Southern Baptists cut ties with LGBTQ-friendly church

The top administrative body of the Southern Baptist Convention voted to cut ties with two congregations Tuesday: an LGBTQ-friendly church in North Carolina that had renounced the denomination decades ago and a New Jersey congregation cited by “alleged discriminatory behavior”.

The Executive Committee votes came at the end of a two-day meeting in Nashville, Tennessee, even as the committee faces a Justice Department investigation. The scrutiny at the federal level follows a searing consultant report earlier this year on sexual abuse in Southern Baptist settings and mistreatment of survivors by former Executive Committee officials.

The committee on Tuesday approved a statement that the College Park Baptist Church in Greensboro, North Carolina, was not in “amicable cooperation” because of its “open affirmation, approval and endorsement of homosexual behavior,” which conflicts with conservative theological positions of the denomination.

In fact, College Park had voted in 1999 to leave the denomination, and its website states that it is not a member of the Southern Baptist Convention but of more progressive Baptist bodies.

It was not immediately clear why the Executive Committee decided now to put the matter to a vote. But Executive Committee Chairman Jared Wellman said afterward that the convention still had the congregation on its lists until now.

On its website, the church describes itself as an “LGBTQIA Affirming Baptist Church” and says that it “welcomes and fully affirms all people without regard to race, ethnicity, national origin, class, sexual orientation, identity of gender or any other human category. ”

The committee, in a separate vote, declared that Amazing Grace Community Church of Franklinville, New Jersey, was no longer in friendly cooperation. It cited their “lack of cooperation … in resolving concerns about alleged discriminatory behavior.”

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Phone and email requests for comment from both congregations were not immediately returned.

Since Baptist congregations are self-governing, the denomination cannot force them to follow its policies, but it can effectively expel them by declaring them not to be in “amicable cooperation” if they do not conform to denominational positions in particular areas, such as pro policies. -LGBTQ, alleged support of racism or alleged failure to adequately respond to child sexual abuse, such as the employment of criminals as herdsmen.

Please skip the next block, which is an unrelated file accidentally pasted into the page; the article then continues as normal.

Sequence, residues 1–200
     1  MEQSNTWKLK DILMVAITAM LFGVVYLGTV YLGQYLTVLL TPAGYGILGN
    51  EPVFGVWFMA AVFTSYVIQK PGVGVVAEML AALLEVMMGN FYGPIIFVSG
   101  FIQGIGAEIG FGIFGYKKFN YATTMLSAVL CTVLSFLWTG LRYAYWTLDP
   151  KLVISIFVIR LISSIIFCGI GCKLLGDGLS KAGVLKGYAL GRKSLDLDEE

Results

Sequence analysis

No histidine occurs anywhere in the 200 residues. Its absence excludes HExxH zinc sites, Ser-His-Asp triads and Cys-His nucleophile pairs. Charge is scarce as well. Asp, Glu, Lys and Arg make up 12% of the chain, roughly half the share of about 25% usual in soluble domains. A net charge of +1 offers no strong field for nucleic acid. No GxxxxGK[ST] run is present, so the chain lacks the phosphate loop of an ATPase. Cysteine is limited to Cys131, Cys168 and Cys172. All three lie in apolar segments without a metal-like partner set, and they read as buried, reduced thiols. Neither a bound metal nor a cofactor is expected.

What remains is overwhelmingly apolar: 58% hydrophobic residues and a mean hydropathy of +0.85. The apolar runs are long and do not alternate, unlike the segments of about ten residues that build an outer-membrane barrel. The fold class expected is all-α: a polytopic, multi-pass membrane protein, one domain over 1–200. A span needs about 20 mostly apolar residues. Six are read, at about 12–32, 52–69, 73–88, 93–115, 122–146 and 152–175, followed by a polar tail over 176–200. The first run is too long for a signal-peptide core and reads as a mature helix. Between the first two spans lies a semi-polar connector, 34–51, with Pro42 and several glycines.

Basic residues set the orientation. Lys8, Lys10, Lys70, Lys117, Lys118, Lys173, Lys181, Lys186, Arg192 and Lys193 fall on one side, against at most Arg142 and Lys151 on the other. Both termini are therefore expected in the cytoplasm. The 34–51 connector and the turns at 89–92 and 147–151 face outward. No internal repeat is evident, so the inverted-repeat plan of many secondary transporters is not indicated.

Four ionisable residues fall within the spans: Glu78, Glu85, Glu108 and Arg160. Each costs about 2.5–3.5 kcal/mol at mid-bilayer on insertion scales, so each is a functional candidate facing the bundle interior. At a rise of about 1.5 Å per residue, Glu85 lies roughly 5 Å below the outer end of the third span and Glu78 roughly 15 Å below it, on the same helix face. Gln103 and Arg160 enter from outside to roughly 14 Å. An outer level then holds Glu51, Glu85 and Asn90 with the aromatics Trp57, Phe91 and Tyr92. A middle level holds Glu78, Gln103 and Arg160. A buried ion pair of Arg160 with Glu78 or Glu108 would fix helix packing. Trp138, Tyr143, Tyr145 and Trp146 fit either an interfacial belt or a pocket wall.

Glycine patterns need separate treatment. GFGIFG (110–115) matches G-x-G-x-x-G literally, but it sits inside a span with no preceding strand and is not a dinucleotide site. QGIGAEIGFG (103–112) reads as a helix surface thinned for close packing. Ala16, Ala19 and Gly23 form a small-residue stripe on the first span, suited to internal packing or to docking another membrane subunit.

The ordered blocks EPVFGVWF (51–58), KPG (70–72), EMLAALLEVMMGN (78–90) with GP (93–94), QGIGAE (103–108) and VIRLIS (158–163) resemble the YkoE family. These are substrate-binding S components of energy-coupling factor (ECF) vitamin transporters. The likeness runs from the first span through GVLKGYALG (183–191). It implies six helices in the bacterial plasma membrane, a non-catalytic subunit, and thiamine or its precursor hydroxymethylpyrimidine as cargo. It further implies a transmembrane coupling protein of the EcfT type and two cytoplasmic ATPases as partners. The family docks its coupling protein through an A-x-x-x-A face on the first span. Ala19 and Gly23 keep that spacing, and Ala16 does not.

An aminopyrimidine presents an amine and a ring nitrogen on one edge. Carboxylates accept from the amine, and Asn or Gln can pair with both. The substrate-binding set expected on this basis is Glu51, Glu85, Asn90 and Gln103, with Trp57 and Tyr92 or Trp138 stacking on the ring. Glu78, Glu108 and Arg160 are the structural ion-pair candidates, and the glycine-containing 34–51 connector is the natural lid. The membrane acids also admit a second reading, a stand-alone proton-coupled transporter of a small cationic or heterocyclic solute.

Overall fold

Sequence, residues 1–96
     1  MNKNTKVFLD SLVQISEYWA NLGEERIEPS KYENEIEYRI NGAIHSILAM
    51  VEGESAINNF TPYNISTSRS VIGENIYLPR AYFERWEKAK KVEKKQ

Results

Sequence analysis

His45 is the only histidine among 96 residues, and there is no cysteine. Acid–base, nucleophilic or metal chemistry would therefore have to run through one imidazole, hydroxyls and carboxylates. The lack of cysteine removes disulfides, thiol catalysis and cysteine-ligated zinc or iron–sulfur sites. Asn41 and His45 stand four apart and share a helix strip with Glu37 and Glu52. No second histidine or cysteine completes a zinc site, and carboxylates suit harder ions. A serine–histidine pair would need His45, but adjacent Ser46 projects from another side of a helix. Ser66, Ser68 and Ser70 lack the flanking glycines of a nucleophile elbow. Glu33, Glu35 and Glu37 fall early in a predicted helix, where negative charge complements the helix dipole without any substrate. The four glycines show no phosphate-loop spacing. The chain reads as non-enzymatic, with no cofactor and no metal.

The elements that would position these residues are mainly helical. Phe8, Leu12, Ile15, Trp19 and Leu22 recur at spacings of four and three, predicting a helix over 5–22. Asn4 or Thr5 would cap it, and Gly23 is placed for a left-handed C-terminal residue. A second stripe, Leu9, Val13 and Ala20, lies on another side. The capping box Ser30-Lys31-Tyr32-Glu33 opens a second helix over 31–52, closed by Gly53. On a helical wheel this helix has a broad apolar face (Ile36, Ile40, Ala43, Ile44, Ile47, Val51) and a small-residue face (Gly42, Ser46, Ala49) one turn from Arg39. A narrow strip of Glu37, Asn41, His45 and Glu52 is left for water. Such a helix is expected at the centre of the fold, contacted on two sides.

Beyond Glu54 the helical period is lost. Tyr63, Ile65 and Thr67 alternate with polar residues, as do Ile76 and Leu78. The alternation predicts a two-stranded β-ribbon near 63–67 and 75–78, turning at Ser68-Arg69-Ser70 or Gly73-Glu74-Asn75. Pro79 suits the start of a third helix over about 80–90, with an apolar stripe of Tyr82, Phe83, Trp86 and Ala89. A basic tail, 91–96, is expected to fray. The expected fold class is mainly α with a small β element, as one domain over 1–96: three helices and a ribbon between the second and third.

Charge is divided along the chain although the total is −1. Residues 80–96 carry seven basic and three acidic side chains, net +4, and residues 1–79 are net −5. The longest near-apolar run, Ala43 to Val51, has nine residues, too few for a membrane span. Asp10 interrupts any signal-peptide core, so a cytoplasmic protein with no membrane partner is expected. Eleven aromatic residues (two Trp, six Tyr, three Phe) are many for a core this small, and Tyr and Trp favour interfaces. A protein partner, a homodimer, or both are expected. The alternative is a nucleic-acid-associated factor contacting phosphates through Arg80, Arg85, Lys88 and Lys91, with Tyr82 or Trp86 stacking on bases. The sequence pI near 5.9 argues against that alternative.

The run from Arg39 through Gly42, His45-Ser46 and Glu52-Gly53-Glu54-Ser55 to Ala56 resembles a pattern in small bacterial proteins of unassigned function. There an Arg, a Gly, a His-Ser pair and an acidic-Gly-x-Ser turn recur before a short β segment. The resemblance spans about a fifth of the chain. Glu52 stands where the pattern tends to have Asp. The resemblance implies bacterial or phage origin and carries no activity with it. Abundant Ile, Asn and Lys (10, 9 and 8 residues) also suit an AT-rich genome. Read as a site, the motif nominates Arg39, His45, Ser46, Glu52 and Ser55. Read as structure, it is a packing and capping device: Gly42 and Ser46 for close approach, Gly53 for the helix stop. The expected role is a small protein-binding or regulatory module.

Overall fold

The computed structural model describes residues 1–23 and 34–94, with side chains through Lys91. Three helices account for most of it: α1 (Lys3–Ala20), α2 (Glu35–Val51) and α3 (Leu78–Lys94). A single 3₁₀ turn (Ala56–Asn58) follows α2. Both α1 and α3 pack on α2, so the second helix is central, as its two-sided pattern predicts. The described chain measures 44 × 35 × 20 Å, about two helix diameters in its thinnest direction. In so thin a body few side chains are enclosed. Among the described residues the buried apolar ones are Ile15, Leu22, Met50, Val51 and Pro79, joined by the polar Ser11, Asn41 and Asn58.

There could be more congregations in the latter category in preparation.

The committee learned that more than 200 referrals had been made to a recently established hotline on alleged mishandling of abuse cases by churches or SBC organizations.

That news came from the Abuse Reform Implementation Task Force, created after the publication of consultant Guidepost Solutions’ scathing report earlier this year on the sexual abuse of children in SBC settings and the mistreatment of survivors by part of the Executive Committee.

Mike Keahbone, vice president of the task force, said he is working to hire staff to receive and investigate reports of abuse and mistreatment in Southern Baptist circles.

The convention said in August that the US Department of Justice is investigating the convention. The Justice Department did not confirm the report, but the convention suggested in a statement that it was related to sexual abuse. On Tuesday, the committee voted to transfer $500,000 of investments to its operating budget, in part to respond to that investigation.

On Tuesday, the Executive Committee also added a “Caring Well Sunday” to the official calendar of activities for Southern Baptists, the goal of which would be to spread awareness and education about abuse. Churches have the option of observing such dates. But Wellman urged them to do so: “We want to build a culture that addresses and prevents abuse, and this is a great educational opportunity.”

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“Our dream … is for our churches to be safe for the vulnerable and unsafe for abusers,” Wellman said, citing numerous ongoing reforms. “There is no place, there is no tolerance for abuse in a Southern Baptist church.”

Some abuse survivors, following the meeting on social media, found the committee’s actions wanting. Christa Brown, an advocate and longtime survivor, criticized him for his “congratulatory” speech on Twitter, saying he took no concrete steps to make amends for survivors or take disciplinary action against former officials criticized in the Guidepost report.

Keahbone said he understands the criticism and that, compared to what the survivors endured, “there’s nothing we can say or do that is praiseworthy.” He said the task force is doing what it can to get the reforms right.

“We’re not celebrating anything,” he said. “We’re just trying to have markers for improvement.”

Wellman echoed the thought. “I was saddened and heartbroken by what they have experienced,” he said. “We recognize that we have a long way to go.”


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